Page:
These processors are enough to get Apple noticed and to make further innovative products but they must first, market harder, this is the time.

1) Dramatically reduce inventory on previous G4 PowerMacs; by say $500 US get them outta there, package them with engraved iPods to sweeten the deal and keep income decent, if not undercut cost by 10% just get them out, they'll upgrade in 1 year after enjoying the Mac with new OS X Ocelot/Panther.

2) There is HUGE education potential here in Canada beyond the Grade 4 level especially in major cities. push here.

I find it strange that corporations or the computing industry was huge with Unix some 30 years ago, no??, and now its Microsoft and Linux?? how on Earth did that happen??

IIvan
Feb 13, 2004, 10:26 PM
Originally posted by wrldwzrd89
Got any suggestions for Apple as to how to penetrate more of the US market? I'm curious as to whether you have any ideas.

First they have to convince it that they really, truely, deeply care about it. Take it out and spend money on it. Then one night when they are alone they can very carefully p...

mpopkin
Feb 13, 2004, 10:40 PM
Can a Dell Run Final Cut?, No. Does the Dell Inspiron 8500(or 8200) crash. Yes. Does a Powerbook crash. No. Now i am not getting into an argue fest, but i am and will simply state that first there are no accurate tests to judge a computer, but yes why Dell may make a good big laptop, the Powerbook handles what it is designed to handle better than what a Dell is designed to handle. PC's in general, Laptops especially crash often and/or run out of battery power fast. They are designed for games, finance and education. Mac's in general, laptops included handle video, photos and audio better than they do games, there are very few people who buy a Powermac or Powerbook to play games. they also do not crash, have batteries that last more than an hour and are smaller, more agile and portable. No review has been made saying that for what they are designed for Mac's arent better than PC's, because they are. End of story.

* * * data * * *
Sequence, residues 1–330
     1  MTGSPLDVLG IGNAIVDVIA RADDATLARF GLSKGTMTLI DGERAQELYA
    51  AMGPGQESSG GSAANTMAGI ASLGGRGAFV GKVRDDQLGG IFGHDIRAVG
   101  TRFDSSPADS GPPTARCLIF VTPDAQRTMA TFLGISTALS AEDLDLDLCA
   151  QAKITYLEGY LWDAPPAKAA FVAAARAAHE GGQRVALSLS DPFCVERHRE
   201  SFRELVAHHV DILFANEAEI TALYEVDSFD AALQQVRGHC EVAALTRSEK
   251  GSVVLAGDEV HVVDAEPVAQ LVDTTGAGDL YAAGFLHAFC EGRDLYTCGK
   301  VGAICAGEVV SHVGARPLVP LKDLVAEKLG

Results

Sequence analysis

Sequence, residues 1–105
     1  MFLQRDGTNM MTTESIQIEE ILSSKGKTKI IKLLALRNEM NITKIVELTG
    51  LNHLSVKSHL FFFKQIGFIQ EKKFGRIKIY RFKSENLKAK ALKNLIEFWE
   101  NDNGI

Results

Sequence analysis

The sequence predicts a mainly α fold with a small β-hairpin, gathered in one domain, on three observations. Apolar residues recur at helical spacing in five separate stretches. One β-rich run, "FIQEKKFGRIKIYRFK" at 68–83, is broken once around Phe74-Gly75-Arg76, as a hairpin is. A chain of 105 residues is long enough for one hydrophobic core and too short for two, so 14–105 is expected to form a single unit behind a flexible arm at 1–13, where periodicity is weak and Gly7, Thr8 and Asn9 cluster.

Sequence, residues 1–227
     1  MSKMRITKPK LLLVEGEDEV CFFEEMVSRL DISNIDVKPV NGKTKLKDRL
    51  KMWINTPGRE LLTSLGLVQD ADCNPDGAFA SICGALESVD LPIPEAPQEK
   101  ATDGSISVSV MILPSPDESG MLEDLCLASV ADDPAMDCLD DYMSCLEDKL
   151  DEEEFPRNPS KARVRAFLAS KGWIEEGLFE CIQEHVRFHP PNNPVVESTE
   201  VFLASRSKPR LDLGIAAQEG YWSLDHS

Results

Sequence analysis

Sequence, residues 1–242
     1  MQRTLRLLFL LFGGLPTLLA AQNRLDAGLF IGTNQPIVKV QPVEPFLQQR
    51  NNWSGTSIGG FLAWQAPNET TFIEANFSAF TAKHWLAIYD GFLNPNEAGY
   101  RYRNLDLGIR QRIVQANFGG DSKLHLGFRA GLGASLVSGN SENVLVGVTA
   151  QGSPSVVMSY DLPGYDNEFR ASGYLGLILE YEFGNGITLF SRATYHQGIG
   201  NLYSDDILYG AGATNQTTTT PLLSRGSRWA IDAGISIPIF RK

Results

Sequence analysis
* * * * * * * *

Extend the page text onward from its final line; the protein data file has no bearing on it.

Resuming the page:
Originally posted by Stolid
Amazing... You're comparing a DESKTOP to a LAPTOP.
Wintel is not apple - Amazing revelation there too. I thought they were the same company.
Crash all the time? I do not REMEMBER the last crash my 8200 had. I think it had a series of them; but I was doing some weird stuff on it with kernel level stuff (making fake SCSI devices; not fun stuff)

A G4 1.25 creams the 8200? Okay. By what metric?
By simple 'user feel'? If that's the case then I've got to say that I've got to use a G5 system because I've used a top of the line G4 at a CompUSA and felt a graphical lag just doing something as simple as moving windows around in Photoshop on it, I've never seen that on my 8200. Now I've turned off 'show window while moving' so that's probably why; but it goes to show why 'user feel' isn't a good metric. So if you've got another metric please tell me what it is.
Because this is what I keep seeing:

- Rob Galbraith

Smaller does not mean less powerful? Then why does a PowerMac have faster procs (and 2 of them no less) than a PowerBook?